Fear Disbelief Confusion
Hopelessness Anger Suspicion Love
One day, a few hours, can produce a vast array of emotions. September 11, 2001 did just that.
In the Moment
We all remember that morning; we remember where we were, who with, what we were doing, how we heard about what happened. The feelings that followed varied. Everyone internalized the terror attack in their own mind, struggling to grasp the unspeakable nightmare that was unfolding in real time. On this day, every American was hit with the reality that terrorism, that far off notion that we’d read about or seen on TV, was happening in our own back yard. The word “terror” itself has now been transformed and has significance to us all.
I was in high school and home that morning, watching television when suddenly there was breaking news that one of the world trade centers had been struck by a plane. Speculation began, but the news networks didn’t know any more about what had happened than any lay person. It wasn’t until the second plane hit that our stomachs sank, and the reality set in that our beloved nation was under attack. I was a scared teenager, alone, confused and terrified. I called my mother at work but vaguely remember our conversation as I was engrossed in watching the news coverage. Of all the chaos televised, the one image that impacted me most was watching people jump from the windows of the towers, desperate to escape the smoke and flames. I will never be able to get that scene out of my mind and it tears my heart to bits even thinking about it now. I remember feeling frustration waiting for a grown up to explain what I was watching on the screen. I couldn’t fathom the impact that day would have on our country or my own life years down the road.
A Nation Mourns
I cannot recall a time when our nation has been more united and divided than the months following September 11th. In one corner, we joined in mutual mourning of the victims, first responders and volunteers who perished and held in our hearts their families and loved ones. In the other corner, fear and misinformation fueled hatred and suspicion of innocent Muslim Americans. When tragedy strikes, we want someone to blame, we NEED someone to blame. But that is not the solution. It never is. I believe we have come a long way from the initial shock and subsequent unfounded discrimination of Muslims Americans. That being said, there is still so much work to be done to educate others, change hearts and mend the wounds.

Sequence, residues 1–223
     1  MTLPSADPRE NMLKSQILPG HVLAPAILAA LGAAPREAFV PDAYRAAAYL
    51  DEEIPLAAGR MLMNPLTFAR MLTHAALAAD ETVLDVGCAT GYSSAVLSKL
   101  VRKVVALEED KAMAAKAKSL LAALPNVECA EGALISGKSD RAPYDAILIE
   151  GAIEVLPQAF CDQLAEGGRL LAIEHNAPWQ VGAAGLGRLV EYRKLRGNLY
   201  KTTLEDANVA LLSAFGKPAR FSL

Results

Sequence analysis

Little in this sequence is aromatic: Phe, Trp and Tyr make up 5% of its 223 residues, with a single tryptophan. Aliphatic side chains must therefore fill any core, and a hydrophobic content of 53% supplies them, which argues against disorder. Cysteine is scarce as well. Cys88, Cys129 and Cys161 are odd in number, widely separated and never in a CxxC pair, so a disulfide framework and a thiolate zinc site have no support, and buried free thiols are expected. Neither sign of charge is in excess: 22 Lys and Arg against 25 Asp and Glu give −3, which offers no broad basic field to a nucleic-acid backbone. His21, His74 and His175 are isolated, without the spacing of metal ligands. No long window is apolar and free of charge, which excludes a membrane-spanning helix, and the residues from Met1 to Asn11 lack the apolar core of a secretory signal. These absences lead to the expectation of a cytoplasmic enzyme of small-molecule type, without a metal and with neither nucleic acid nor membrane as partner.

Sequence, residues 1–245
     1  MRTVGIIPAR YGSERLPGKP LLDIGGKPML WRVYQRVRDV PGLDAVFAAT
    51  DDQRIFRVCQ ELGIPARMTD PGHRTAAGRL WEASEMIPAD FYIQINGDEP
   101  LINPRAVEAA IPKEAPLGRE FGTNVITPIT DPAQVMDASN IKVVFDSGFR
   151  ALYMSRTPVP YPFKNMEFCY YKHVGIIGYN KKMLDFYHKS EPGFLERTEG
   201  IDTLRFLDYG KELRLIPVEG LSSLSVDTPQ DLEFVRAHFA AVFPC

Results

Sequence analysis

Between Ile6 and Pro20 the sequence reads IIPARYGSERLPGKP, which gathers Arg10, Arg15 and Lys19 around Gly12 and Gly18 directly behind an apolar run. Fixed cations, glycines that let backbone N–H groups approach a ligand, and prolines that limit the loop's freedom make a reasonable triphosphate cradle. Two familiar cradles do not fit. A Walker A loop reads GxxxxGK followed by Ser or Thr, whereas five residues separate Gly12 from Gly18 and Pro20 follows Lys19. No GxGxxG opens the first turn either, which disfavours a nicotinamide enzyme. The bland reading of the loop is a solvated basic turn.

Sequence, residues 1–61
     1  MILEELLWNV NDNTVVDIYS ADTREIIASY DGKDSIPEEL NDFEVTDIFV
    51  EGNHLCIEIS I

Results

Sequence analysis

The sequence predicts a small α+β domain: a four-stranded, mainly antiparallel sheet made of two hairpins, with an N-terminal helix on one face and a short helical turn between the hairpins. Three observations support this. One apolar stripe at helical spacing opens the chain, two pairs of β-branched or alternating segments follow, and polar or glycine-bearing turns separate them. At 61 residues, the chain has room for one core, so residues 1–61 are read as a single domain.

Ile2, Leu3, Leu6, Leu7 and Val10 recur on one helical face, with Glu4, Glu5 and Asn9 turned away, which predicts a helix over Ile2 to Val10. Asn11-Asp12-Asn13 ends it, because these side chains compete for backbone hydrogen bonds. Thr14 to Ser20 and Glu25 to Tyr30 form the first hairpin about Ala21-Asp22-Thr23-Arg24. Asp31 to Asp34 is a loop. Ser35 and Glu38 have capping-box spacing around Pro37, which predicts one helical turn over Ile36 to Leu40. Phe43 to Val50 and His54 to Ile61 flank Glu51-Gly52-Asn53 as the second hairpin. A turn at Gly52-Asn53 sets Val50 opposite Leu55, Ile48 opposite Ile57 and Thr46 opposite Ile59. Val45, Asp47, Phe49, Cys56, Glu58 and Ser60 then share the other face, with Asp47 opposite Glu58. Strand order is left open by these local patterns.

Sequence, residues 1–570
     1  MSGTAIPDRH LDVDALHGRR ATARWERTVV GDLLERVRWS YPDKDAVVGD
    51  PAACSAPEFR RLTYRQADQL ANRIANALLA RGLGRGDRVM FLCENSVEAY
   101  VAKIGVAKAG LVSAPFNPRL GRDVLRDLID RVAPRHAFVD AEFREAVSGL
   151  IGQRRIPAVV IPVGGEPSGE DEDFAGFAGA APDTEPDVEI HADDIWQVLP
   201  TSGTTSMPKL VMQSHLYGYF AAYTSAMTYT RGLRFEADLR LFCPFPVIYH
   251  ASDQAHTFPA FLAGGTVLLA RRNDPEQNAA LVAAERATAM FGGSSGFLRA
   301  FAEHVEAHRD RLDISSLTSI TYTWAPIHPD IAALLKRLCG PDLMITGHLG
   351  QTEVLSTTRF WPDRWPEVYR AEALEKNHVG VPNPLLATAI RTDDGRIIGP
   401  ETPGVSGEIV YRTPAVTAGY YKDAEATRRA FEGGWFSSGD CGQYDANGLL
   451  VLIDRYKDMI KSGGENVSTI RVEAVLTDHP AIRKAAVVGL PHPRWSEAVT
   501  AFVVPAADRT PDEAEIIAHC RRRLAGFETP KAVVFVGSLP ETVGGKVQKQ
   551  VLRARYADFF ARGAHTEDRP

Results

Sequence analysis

Close to Home
As a military spouse and social worker counseling veterans, the events of September 11th impact me personally. My husband and friends have deployed numerous times to fight the war that followed and is continuing to this day. I’ve watched loved ones die and others come home wounded physically and mentally. I’ve made an effort to do my part as a social worker to counsel Veterans and assist them in processing their experiences and live healthy, productive lives. Let’s be honest though; they will never be the same people they were before they went to Iraq and/or Afghanistan. I have no doubt that I’ll be counseling servicemembers returning from Syria in the future as well, but that is a whole new fight. I can only hope I’ve done something to ease their transition into life after war, to live fulfilling lives. I don’t care what the media says, we are still at war. Every day, brave men and women are sacrificing their lives, their families, the comfort of safety and security, so that we may live contented lives. The disconcerting aspect is that we are really fighting a war on ideology. Can we win such a battle? Is it possible to change the mindset of a people who’s culture we cannot even begin to comprehend? Who have been living this way for hundreds of years?
Can you believe that high school freshman will be reading about September 11th in their history books? September 11th is now observed as Patriot Day. Our country was shaken to its core, and rose again. We are a nation of immigrants, a nation made beautiful by diversity. Embracing our differences shapes our unique culture and landscape. I love my country and I have faith in humanity that we will come together in mutual understanding to live peacefully one day. At least that is the future I envision and hope to have for my children. Until that happens, I will continue to do what I am able to shape a peaceful and understanding world for future generations.
What You Can Do
If this day stirs up feelings of despair or helplessness, it doesn’t have to. Rather, we can transform loss into hope and honor victims while celebrating the resiliency of our nation. Everyone can make a difference in the lives of others. The links below can show you how to observe this day.